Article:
Step 1, build a wildly successful messaging program. Step 2, monetize said messaging program. Facebook has completed step one, with over a billion users for their Messenger app. Step 2 is proving to be a little bit trickier. The social media giant has rolled out mobile commerce options, chatbots, and now ads in Facebook Messenger. Will ads finally be the way that Facebook is able to monetize their Messenger app?
Commerce and Chatbots
While chatting with a friend on Facebook Messenger and you happen to mention that they owe you $20. Thanks to Facebook’s virtual assistant M, Messenger will happily ask if you want to request a payment for that money. For a short time, it seemed that mobile commerce would be a way that Facebook used Messenger to create income. It seemed a logical assumption after Facebook hired former PayPal president, David Marcus, to run Facebook Messenger back in 2014.
Although Marcus has a background in payments, before PayPal he found Zong which processed payments for social apps and games, Facebook’s Messenger never went in that direction. While you can request payment through Messenger, like that $20 from your friend, it hasn’t been turned into a way to make profit. In fact, Facebook doesn’t even take a cut of the payments.
Facebook even rolled out group payments through Messenger. There have been fringe benefits to enabling commerce through the platform. Facebook has been working on getting users to shop through Messenger. However, in order to shop there needs to be a payment system enabled. When shopping is easier, it becomes an experience that users want to repeat time and time again.
Then, there was the bigger rollout of chatbots. Messenger boasts over 100,000 chatbots. But for now, the chatbot ‘store’ is completely free. And the Discover tab, that showcases suggested chatbots, isn’t currently taking any sponsored placements.
Facebook isn’t the only social media app to shy away from payments as a business model. Twitter shut down its commerce efforts and Snapchat’s Snapcash hasn’t been talked about much lately either.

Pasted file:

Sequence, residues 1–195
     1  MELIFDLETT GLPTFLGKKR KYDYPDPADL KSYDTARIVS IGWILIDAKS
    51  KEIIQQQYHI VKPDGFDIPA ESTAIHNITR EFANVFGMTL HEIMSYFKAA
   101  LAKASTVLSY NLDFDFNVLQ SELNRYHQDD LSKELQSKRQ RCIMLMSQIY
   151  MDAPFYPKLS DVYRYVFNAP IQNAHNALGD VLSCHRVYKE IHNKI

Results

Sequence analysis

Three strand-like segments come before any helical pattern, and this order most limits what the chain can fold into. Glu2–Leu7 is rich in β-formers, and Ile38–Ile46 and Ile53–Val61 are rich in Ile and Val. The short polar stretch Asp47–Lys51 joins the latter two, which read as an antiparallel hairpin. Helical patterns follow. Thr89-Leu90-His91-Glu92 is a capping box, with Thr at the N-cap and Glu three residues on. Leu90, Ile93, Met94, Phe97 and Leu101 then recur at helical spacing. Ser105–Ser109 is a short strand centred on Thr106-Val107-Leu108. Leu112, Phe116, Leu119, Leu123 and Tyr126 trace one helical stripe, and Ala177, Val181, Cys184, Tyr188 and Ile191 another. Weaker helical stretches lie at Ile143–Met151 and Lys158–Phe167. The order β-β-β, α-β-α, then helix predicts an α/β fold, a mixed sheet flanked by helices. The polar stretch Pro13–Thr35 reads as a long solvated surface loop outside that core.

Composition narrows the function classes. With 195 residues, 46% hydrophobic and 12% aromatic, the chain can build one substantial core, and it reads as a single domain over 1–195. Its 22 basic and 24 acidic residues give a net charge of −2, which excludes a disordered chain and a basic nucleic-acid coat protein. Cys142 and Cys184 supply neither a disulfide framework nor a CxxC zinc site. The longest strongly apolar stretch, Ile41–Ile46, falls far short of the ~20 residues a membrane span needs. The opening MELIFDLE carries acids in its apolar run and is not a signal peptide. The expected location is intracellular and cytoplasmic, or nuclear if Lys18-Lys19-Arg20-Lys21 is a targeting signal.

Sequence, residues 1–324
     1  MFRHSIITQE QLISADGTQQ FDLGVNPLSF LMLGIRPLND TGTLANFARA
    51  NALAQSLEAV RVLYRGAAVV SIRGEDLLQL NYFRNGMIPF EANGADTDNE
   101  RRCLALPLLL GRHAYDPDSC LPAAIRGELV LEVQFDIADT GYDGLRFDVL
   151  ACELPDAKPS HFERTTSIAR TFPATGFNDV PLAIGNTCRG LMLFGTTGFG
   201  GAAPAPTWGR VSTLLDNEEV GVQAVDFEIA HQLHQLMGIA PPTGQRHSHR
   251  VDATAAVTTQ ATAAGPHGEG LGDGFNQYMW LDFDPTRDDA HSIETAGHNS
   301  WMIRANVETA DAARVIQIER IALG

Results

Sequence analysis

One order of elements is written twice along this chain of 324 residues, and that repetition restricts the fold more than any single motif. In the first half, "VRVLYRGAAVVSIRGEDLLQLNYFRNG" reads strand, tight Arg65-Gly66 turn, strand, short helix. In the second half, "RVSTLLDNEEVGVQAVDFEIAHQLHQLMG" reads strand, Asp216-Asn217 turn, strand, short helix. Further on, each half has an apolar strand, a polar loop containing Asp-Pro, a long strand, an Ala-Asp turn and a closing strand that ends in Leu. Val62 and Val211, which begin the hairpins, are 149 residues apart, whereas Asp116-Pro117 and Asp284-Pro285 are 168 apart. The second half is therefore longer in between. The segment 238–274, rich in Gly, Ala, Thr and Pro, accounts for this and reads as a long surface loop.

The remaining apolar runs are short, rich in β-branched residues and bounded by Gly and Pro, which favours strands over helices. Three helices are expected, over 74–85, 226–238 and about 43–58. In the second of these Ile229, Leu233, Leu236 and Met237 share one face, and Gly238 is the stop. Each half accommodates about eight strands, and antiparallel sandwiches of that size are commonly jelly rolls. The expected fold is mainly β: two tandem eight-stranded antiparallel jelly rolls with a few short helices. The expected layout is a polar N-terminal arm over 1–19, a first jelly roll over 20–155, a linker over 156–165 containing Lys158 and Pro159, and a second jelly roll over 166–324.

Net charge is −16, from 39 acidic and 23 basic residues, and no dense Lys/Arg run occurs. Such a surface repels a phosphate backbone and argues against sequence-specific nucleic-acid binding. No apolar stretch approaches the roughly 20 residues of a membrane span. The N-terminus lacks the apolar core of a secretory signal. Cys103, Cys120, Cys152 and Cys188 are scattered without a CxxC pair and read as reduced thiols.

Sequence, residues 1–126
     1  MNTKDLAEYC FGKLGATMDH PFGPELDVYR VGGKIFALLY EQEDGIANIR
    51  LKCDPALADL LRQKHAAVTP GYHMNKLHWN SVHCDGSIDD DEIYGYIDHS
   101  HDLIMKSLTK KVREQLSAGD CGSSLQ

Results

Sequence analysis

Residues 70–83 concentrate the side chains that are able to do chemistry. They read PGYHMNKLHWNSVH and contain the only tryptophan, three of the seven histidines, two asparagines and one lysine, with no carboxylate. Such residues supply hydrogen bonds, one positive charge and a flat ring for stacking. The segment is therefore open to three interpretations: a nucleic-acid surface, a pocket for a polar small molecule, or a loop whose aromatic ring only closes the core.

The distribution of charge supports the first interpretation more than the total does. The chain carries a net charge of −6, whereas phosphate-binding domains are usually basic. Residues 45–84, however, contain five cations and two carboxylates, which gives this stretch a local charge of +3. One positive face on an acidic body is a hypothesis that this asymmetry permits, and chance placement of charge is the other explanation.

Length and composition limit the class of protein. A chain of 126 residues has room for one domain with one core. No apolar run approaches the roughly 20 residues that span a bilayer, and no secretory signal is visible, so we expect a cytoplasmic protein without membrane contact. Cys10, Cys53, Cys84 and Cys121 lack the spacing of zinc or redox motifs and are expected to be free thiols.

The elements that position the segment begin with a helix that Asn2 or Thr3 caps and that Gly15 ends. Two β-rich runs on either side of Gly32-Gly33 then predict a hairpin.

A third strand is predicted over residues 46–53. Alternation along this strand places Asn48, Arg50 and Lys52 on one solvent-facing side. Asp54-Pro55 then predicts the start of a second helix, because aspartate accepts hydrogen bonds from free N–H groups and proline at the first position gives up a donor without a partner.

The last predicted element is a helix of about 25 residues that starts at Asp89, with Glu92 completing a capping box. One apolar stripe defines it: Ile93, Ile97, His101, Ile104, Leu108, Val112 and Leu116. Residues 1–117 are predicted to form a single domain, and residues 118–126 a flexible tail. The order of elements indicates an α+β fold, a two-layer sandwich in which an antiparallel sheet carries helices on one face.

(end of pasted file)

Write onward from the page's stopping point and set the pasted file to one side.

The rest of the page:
Instead of monetizing with commerce or chatbots, Facebook is sticking with what they do best, advertising. Last year Facebook generated $753 million from payments, mostly related to desktop games. However, that number represented less than 3% of its total revenue. Payment revenue has been down every year since 2014. Contrast that with Facebook’s advertising business which grew 57% in 2016 to reach nearly $27 billion.
Facebook has seen declining ad growth on its core News Feed ad offerings, so the new Messenger ads are perhaps coming at just the right time. Expanding the ad offerings on Messenger is expected to create a significant revenue stream. For now, there are just two types of ads available in Messenger. After a limited run in Australia and Thailand, the beta testing Messenger ads will now be available worldwide.
Facebook started with News Feed ads that directed users back to the messaging app, helping brands re-engage users through Sponsored Messages. Brands could also reach Messenger users with promotional messages within a 24-hour window after users engaged with a branded chatbot. However, businesses are not able to send a message to threads that weren’t previously opened by users. The limitations were put in place to prevent brands from overwhelming or spamming Messenger users.
In January, Facebook started putting ads inside the Messenger inbox. Users will see Messenger ads in the top tab of their Messenger mobile app. When users tap on an ad they will be sent to the destination the brand chose during the ads creation. Marketers can send users to a website or a Messenger conversation.
The Messenger ads will appear in users’ home tab within the app, and marketers can create the ads via Ads Manager and Power Editor. Messenger ads are an additional placement option for Facebook advertising. For marketers using automatic placements, Messenger is included for all support campaign objectives. Advertisers will be able to add Messenger to campaigns using the Traffic and Conversion objectives with more options like the soon-to-be-released App Installs objective.
During testing, the Messenger ads format helped Australian department store David Jones reach customers where they were already active and engaged, and helped in placement optimization across other Facebook ad properties.
With over a billion people using Messenger every month, businesses will have a great new tool for reaching engaged customers through Messenger ads. Being able to add the placement option through Ads Manager and Power Editor will make the additional options easy for marketers to incorporate. With that potential, Messenger ads looks to be the way the Facebook monetizes their Messenger app.